Under Florida law, defective product lawsuits are typically classified under design defects, manufacturing defects, or failure to warn defects. Courts generally analyze these cases under a strict product liability theory or negligence theory. Unlike negligence cases, strict product liability does not consider a party’s intent; instead, plaintiffs must only establish that the product was defective. In some instances, the theories may overlap; however, the overwhelming majority of claims fall under strict product liability.
Florida product liability lawsuits typically fall under three categories, depending on the problem with the product and the manufacturer’s conduct. Claims may stem from design defects, manufacturing defects, or marketing defects. Design defect claims arise when a claimant argues that a product is inherently dangerous because of its design. Generally, claimants must establish that the product does not meet the “consumer expectation test,” which indicates that a product is unreasonably dangerous if it does not perform as a reasonable person would expect it to. Marketing defects occur when a manufacturer or anyone in the production chain fails to provide adequate warnings or instructions. In these cases, claimants may argue that the lack of warnings made the product unreasonably dangerous. Finally, manufacturing defects arise when a product’s design is inherently safe, but an error occurred during production that made the specific product unsafe.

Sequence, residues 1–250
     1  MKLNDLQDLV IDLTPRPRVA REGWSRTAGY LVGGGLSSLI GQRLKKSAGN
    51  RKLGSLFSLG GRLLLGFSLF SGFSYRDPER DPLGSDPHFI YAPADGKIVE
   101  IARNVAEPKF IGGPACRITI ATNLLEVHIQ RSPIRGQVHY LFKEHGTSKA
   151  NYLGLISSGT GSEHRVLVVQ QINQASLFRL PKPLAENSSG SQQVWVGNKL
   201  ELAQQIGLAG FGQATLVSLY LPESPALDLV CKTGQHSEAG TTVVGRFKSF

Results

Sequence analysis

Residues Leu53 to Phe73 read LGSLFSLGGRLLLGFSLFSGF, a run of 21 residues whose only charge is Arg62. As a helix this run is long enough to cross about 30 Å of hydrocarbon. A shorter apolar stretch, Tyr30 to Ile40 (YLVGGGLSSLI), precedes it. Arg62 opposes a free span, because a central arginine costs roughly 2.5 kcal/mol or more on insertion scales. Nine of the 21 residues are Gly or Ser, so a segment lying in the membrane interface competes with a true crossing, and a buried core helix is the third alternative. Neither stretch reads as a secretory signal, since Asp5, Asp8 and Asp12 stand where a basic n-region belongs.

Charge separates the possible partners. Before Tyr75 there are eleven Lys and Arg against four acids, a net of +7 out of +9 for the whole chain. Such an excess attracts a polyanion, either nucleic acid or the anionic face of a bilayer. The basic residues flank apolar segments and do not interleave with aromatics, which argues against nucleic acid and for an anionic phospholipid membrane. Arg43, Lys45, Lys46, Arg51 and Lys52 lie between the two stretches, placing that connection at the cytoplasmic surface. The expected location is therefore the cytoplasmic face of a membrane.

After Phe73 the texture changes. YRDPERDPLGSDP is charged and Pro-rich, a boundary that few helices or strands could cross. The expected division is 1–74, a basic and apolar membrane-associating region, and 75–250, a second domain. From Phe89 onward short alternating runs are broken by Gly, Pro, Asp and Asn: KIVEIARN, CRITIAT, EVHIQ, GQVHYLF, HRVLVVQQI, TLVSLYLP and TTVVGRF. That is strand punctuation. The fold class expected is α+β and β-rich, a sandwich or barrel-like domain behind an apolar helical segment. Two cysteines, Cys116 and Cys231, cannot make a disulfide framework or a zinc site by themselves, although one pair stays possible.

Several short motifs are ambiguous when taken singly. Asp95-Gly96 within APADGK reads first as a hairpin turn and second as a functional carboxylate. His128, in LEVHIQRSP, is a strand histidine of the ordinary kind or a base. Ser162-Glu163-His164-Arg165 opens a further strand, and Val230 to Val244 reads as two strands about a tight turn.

All of these claims base liability on whether a product is “unreasonably dangerous”. Although the term is somewhat vague, courts tend to define an unreasonably dangerous product as more dangerous than an ordinary consumer would contemplate the product to be. For example, recently an appellate court issued an opinion addressing whether a product was unreasonably dangerous. In that case, the plaintiff was working on a trailer manufactured by the defendant. While loading the dump trailer, he stepped, and his hands slid off the top of the trailer, causing him to fall and suffer injuries. He argued that the manufacturer was strictly liable and negligent in designing and manufacturing an unreasonably dangerous product that lacked safety features. He presented expert testimony that the width of steps and spacing did not comply with safety standards. Ultimately, the appellate court found that the lower court erred in ruling in favor of the defendant, because there was a genuine issue of material fact regarding whether the product was unreasonably dangerous.
Have You Suffered Injuries in a Florida Accident?
If you or someone you love has suffered injuries or died in a Florida product liability accident, contact the Law Offices of Robert Dixon. Our attorneys have extensive experience successfully handling cases stemming from defective products, premises liability, motor vehicle accidents, nursing home abuse, and workplace injuries. Our attorneys understand the complex tort laws involved in these cases, and use their legal skills and litigation experience to help clients pursue full and fair compensation for their injuries. Compensation in these cases may include payments for medical treatment, ongoing medical expenses, lost wages, funeral and burial expenses, and pain and suffering. Contact our office at 877-499-4878 to schedule a free initial consultation with a Florida personal injury attorney at our law firm.